• "A code of conduct ... is set to impose conditions on how technology companies treat under-18s, with the threat of fines totaling billions of pounds."

"The 16 planned requirements include a ban on 'nudge' tactics that encourage children to spend more time on apps, allowing companies to collect more data."

  • "The code gives the examples of 'likes' on social media posts and 'streaks,' a feature in Snapchat that rewards ... users who message each other every day."

What's next: "The code is out for consultation until May 31."

6. Face of new generation
Pete Buttigieg kisses his husband, Chasten Glezman. Photo: Scott Olson/Getty Images

Some people wore hoods as water dripped down from the ceiling of Studebaker Building 84, a former South Bend auto plant where Mayor Pete Buttigeig officially launched his presidential campaign, the Indianapolis Star reports.

Buttigeig, 37, aiming to become the youngest president, and the first gay commander-in-chief, said:

Once in this city, we housed companies that helped power America into the twentieth century. Think of the forces that built the building we’re standing in now, and countless others like it now long gone. Think of the wealth created here. ...
And think of what it must have been like in 1963 when the great Studebaker auto company collapsed and the shock brought this city to its knees. Buildings like this one fell quiet, and acres of land around us slowly became a rust-scape ...
More people are moving into South Bend than we’ve seen in a generation. Thousands of new jobs have been added in our area, and billions in investment. There’s a long way for us to go. Life here is far from perfect. But we’ve changed our trajectory, and shown a path forward for communities like ours.
And that’s why I’m here today. To tell a different story than "Make America Great Again."
7. Labor leaders worry about 2020's arcane start
Sen. Kamala Harris pets Griff, Drake University's Live Mascot, during a stop in Des Moines on Thursday. Photo: Charlie Neibergall/AP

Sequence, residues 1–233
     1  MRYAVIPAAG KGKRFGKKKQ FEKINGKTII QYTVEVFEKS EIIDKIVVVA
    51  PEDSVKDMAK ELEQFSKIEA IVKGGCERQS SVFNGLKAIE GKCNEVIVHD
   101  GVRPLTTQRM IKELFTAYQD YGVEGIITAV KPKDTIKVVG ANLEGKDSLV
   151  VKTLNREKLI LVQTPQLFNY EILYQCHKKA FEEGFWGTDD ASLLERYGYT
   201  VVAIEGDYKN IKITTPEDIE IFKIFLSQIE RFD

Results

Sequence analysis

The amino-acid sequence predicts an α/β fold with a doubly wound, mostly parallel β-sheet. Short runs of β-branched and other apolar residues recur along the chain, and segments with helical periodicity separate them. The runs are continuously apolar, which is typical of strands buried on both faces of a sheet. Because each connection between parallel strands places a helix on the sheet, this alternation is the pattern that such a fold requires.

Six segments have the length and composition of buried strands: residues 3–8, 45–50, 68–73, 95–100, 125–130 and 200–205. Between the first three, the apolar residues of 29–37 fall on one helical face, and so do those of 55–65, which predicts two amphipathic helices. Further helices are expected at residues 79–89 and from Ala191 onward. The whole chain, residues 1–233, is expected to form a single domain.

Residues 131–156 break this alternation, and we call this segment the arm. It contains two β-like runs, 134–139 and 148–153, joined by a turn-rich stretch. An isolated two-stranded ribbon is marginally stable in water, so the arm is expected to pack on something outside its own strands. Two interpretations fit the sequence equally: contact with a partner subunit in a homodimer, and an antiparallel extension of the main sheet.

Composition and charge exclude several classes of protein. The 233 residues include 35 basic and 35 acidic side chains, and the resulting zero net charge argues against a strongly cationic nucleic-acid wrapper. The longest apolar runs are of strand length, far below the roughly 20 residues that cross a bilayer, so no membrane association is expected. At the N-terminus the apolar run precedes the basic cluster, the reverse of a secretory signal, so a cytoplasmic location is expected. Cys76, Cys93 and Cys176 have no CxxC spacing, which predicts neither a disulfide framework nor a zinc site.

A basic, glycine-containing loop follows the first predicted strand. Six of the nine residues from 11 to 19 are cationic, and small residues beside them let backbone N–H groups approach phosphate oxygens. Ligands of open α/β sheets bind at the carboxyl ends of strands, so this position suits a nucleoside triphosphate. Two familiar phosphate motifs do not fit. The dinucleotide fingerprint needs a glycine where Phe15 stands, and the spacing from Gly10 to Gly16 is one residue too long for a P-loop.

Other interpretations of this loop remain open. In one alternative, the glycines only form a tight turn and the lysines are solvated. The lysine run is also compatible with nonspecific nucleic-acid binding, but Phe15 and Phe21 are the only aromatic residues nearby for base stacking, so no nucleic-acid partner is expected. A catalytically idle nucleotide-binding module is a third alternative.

The 2020 Democrats "are spending too much time talking about esoteric issues like the Senate filibuster and the composition of the Supreme Court and not enough time speaking the language of workers, several union officials said."

Why it matters: "Those ideas may excite progressive activists, they said, but they risk alienating working-class voters."

  • "They've got to pay attention to kitchen-table economics," said Ted Pappageorge, president of the Las Vegas Culinary Union that represents 60,000 hotel and casino workers. "We don't quite see that."
8. Trump striking out on coal and nuclear energy
Illustration: Sarah Grillo/Axios

President Trump is coming up empty handed on his promises to bolster America's ailing coal and nuclear power industries, Axios' Amy Harder writes in her weekly energy column, "Harder Line."

  • For a president who has aggressively pushed the legal and political boundaries to make good on policy priorities, particularly immigration, the lack of action in this area is striking two years into Trump’s administration.

Political and legal issues are at play:

  • Trump’s positions on immigration appeal to his supporters' emotions more than his positions on coal.
  • Nuclear has never been a top-tier political concern for Trump.
  • White House officials have successfully argued that any big actions to prop up economically struggling coal and nuclear power plants would be woefully indefensible in court.

Go deeper.

9. "Extreme overtime" furor

"Billionaire Jack Ma again encouraged tech workers [in China] to embrace the industry’s extreme-overtime culture, defying a growing social media backlash," Bloomberg's Lulu Yilun Chen reports.

  • "In a lengthy Sunday blog post, China’s richest man expanded on comments from last week, in which he dismissed people who expect a typical eight-hour office lifestyle."

"The Alibaba Group Holding Ltd. co-founder once more endorsed the sector’s infamous 12-hours-a-day, six-days-a-week routine as de rigueur for passionate young workers."

  • The schedule is known as "996": 9 a.m. to 9 p.m., six days a week.
10. 1 plane thing
Photo: Matt Hartman/AP

A giant six-engine aircraft with the world's longest wingspan completed an initial flight over California's Mojave Desert, bringing to life a dream held by the late Microsoft co-founder Paul G. Allen, AP reports.

  • The Stratolaunch Systems plane is built to air-launch small satellites.

The aircraft is designed to carry as many as three satellite-laden rockets at a time under the center of its enormous wing, which stretches 385 feet — a longer wingspan than any other aircraft.

  • At an altitude of 35,000 feet, the rockets would be released, ignite their engines and soar into space.
Mike Allen